Wednesday, August 24, 2016

Fahrenheit 451.2


Original text, or expurgated?
In 1953, Ballantine Books published Ray Bradbury’s Fahrenheit 451, a novel set in a near future in which books are banned and burned. Twenty five years later, in 1967, in an effort to capture the “school market,” Ballantine published an expurgated version of the novel. The words “hell,” “damn,” and “abortion” were deleted. A “drunk” man becomes “sick.” A man cleaning his navel becomes a man cleaning his ear. Seventy-five passages (in a 150 page novel) were changed.

The expurgated edition was sold in U.S. schools, with no indication in the book that it had been altered. Six years later, Ballantine tired of marketing two different versions of the same title, so they discontinued the original. From 1973 through 1979, only the expurgated edition was available in the U.S.

All of this was done without the knowledge of the author, or pretty much anyone else.

In 1979, Bradbury learned of the hacking and raised the Fahrenheit on Ballantine. In 1980 the original was restored.

Happy ending? Perhaps, but suppose Bradbury had been dead, or had remained unaware of the literary vandalism? There have been similar “sanitations” of books such as Anne Frank’s The Diary of a Young Girl, and Mark Twain’s Huckleberry Finn. Expurgated versions of Shakespeare’s plays have been widely used in schools.

To younger readers, this may seem like ancient history from the dark ages. I assure you it is not. Many authors, including myself, have had their works translated into other languages, or digitized and made into ebooks. Have these books been expurgated, bowdlerized, or censored without the author’s—or the public’s—knowledge? Almost certainly.

Today, an increasingly large percentage of our reading is electronic. Nothing is easier than for an individual censor to alter a text (one could search and replace “damn” with “darn,” for example) then disseminate it. All sorts of documents, from the Library of Congress to publishers’ catalogs, are vulnerable to attack.

I was thinking about that when I wrote The Forgetting Machine.

The Forgetting Machine is set in the near future, when cloud-based ebooks have mostly replaced printed books. How far in the future? I dunno. Most of the story is about a machine that can directly input information into the human brain, although for every bit of info inserted, some other bit gets deleted.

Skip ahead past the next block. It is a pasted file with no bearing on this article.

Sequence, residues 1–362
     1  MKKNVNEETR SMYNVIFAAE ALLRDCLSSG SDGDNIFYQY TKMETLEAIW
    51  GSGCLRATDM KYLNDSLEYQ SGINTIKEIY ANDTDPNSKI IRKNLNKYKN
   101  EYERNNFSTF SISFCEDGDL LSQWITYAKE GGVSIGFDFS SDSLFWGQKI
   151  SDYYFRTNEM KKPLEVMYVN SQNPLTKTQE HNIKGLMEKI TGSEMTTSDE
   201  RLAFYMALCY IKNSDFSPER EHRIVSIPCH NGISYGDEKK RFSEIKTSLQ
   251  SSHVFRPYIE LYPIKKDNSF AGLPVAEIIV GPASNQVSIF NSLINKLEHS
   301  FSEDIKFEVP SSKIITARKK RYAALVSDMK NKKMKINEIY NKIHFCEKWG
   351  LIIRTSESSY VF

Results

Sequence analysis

This creates serious problems for the heroine, Ginger Crump, whose boyfriend learns a great deal of American History, but forgets her.

At the same time, as Ginger is reading Charlotte’s Web on her e-reader, the book’s files are globally hacked to eliminate any mention of talking animals. Ginger and her memory-impaired boyfriend set out to discover the identity of the hacker and restore Charlotte’s Web to its original form.

The Forgetting Machine will be published on September 20.

Tuesday, August 23, 2016

Angry Girls


I just got an advance look at a review of The Forgetting Machine from School Library Journal. I can’t post it here yet because it won’t appear in SLJ until next month, but I will share my favorite line:

“It’s refreshing to see a young female character express anger and not apologize for it.”


Why does that line please me so? Because all too often in reviews of my books, my female characters have been criticized for being “too angry,” or “not nice,” or “not likeable,” even though if I gender-flipped the character and had them do and say essentially the same things as males, those complaints would disappear. But I keep writing about angry girls because, well, girls get pissed off too. And, frankly, I like them that way.

Female Dragon Making a Point

I'll be posting the SLJ review and others in a couple weeks. 

Pub date for The Forgetting Machine is September 20. There will be some sort of party/signing in late September or early October. Details to come.

Friday, July 15, 2016

What I’ve Been Up To

It is halfway through 2016, I’m asking myself, “What have you done lately?” Well, one thing I haven’t done lately is write a blog post, so here goes:

How many hours have I spent torturing myself by reading articles about Donald Trump? Far too many. Years ago I attempted a story in which a man notices an ugly mole on his cheek, and over the course of the story the mole grows until it covers every inch of his body. The story lacked plot, character, and purpose, so I tossed it. That is how I feel about Trump. Why do I keep looking?